Premise: (A implies B) implies C

Conclusion: (C implies A) implies A

I had a logic exam a few hours ago and this was one of the problems, but I really didn't know where to start. Since the main connective of the conclusion is an implication, I figured I should assume (C implies A) and prove A...but this didn't lead anywhere, and I didn't have time to try out any other (more obscure, perhaps) lines of reasoning.

I think it would be a touch easier with derived rules and rules of replacement, because associativity and idempotence help to simplify the conclusion. But we were supposed to use only the "main" rules of Classical Sentence Logic.

  • What is CSL? -- – Keelan Feb 12 '15 at 18:46
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    Classical sentence logic. Sorry if my question/terminology doesn't make sense. This is my first exposure to logic, so I don't know what terms are commonly used and things like that. – Ducky Feb 12 '15 at 18:48
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    That's alright. As far as I know, 'the main rules of classical sentence logic' are not universally defined, so it would be helpful if you'd list those as well. – Keelan Feb 12 '15 at 19:03
  • Why are you calling THIS TYPE of logic CLASSICAL LOGIC? Who is telling you that what you describe is CLASSICAL? That is like me saying music from the 90s era is classical music. If I mention Classical MUSIC do you really think that means in RECENT TIMES? I would think more like the era of Beethoven or Mozart. Classic logic is usually reserved for logic in the era of ARISTOTLE. What you are talking about has nothing CLASSICAL. The proper name for what you describe s MATHEMATICAL LOGIC, SYMBOLIC LOGIC, or MODERN LOGIC. Classical logic had no symbolization. Symbolic characters came much later. – Logikal 22 hours ago

Natural deduction is as much an art as a science --it takes some creativity. You might check my answer to How to prove a theorem using Sentential Derivation for some general advice. Keelan's method of solving is correct (and quite clever), but I suspect it might baffle a beginner. For that matter, it wouldn't have naturally occurred to me. I personally solved it in a somewhat more labor-intensive manner.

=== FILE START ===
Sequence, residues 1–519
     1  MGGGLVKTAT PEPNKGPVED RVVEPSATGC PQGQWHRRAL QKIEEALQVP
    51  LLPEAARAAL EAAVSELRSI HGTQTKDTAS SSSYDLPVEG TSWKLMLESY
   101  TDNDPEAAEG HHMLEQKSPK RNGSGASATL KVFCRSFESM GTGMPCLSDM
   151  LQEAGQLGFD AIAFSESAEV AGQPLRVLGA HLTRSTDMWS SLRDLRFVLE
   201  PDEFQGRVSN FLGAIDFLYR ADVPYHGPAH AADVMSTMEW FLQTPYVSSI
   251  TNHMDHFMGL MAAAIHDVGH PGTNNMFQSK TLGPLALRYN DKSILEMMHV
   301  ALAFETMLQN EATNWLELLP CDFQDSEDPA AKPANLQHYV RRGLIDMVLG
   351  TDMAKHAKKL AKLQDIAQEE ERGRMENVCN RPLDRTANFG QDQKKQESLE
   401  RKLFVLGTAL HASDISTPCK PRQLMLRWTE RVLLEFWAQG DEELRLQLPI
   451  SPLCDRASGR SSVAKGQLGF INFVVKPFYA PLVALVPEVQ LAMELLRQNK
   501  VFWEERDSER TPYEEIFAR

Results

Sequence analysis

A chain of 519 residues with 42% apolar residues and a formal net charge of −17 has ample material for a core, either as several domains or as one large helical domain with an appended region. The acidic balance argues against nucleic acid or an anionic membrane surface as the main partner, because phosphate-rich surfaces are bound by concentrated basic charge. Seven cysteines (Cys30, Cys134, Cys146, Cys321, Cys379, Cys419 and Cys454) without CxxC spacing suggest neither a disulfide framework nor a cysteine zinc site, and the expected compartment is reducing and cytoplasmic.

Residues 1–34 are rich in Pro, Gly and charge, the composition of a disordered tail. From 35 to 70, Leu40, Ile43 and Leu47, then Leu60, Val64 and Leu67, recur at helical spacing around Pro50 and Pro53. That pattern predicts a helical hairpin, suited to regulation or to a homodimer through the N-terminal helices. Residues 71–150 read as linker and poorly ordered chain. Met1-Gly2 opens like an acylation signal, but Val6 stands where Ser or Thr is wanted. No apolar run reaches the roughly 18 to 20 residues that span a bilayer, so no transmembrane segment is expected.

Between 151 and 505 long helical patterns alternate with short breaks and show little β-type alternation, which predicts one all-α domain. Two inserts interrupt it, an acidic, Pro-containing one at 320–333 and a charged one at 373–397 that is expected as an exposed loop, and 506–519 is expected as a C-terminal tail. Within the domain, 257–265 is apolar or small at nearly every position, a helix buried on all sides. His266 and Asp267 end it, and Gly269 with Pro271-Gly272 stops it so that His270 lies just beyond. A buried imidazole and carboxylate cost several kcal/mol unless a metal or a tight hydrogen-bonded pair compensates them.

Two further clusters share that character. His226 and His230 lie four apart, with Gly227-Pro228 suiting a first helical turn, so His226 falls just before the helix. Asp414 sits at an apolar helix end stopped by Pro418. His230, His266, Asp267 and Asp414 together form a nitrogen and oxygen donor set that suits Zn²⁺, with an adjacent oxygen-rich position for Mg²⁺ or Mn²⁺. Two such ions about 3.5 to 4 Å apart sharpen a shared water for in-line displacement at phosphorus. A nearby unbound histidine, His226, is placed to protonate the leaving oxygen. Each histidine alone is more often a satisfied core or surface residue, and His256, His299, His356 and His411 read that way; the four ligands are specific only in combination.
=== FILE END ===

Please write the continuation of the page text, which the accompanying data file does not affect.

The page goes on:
• Let's start as you did, by assuming C->A
  • We know that we want to end with A, so now assume the opposite (Not A).

  • Now we are apparently stuck. Is there anything that helps in the premise? If we had A->B we might get somewhere. How can we get A->B? Assume A and derive B. How to do this? If we do assume A, we have made two contradictory assumptions (A and Not A). We can subsequently get anything we want. In this case we want B, so we assume the opposite, show A and Not A and thus demonstrate B. Now we have A->B

  • A->B gives us C (via the premise).

  • C gives us A (via our first assumption).

  • Now we have A and Not A at this level too. That means our assumption of Not A was wrong, and therefore A is correct (given C->A). That's exactly what we wanted all along.

You'll want to follow along by diagramming this (using whatever system you have been taught). You'll see it gets a little complex because of all the nested assumptions. However, as long as you are careful, they will all clear up neatly. You can't be afraid to make assumption after assumption, as long as you always know how deeply you have traveled. It's also OK to make contradictory assumptions, if they serve a purpose.

Keelan's version, which is shorter and less nested, starts from the fact that C OR Not C is a tautology (it is always true). Some systems will allow you to start with this, others would require you to prove it first.

  • Thanks for this. I agree that the other answer is more elegant, but it's nice to see a proof using only some of the most basic rules. I think there was even a harder one of the exam, but I got it without trouble - proofs are fickle things. – Ducky Feb 12 '15 at 19:41

We make a case distinction over C.

Suppose C is true. Then if (C → A) we know A, so the statement holds.

Suppose C is false. Then, following the premise, (A → B) must be false (otherwise C would have been true). Now, recall the truth table of implication. (A → B) is false iff A is true(, but B not). Therefore, the statement holds for C is false as well.

Since the statement holds for both C being true and C being false, the statement holds in any case.


First we assume the premise,

  • (A implies B) implies C.

Now we'll assume (C implies A), and try to prove A. (C implies A) may be rewritten as (not-C or A). So there are two cases:

Case 1: A is true. Done.

Case 2: not-C is true (that is, C is false). The contrapositive of the premise states:

  • not-C implies not-(A implies B),

so we may conclude

  • not-(A implies B).

This negation may be rewritten as

  • A and not-B.

Thus A is true. Done.


This is an alternate proof provided since the OP had a constraint which this might fill:

But we were supposed to use only the "main" rules of Classical Sentence Logic.

Although this proof checker had a modus tollens rule it did not have a rule going from a conditional to a disjunction. Hence it might be closer to the available inference rules.

enter image description here

Kevin Klement's JavaScript/PHP Fitch-style natural deduction proof editor and checker http://proofs.openlogicproject.org/

P. D. Magnus, Tim Button with additions by J. Robert Loftis remixed and revised by Aaron Thomas-Bolduc, Richard Zach, forallx Calgary Remix: An Introduction to Formal Logic, Fall 2019. http://forallx.openlogicproject.org/forallxyyc.pdf

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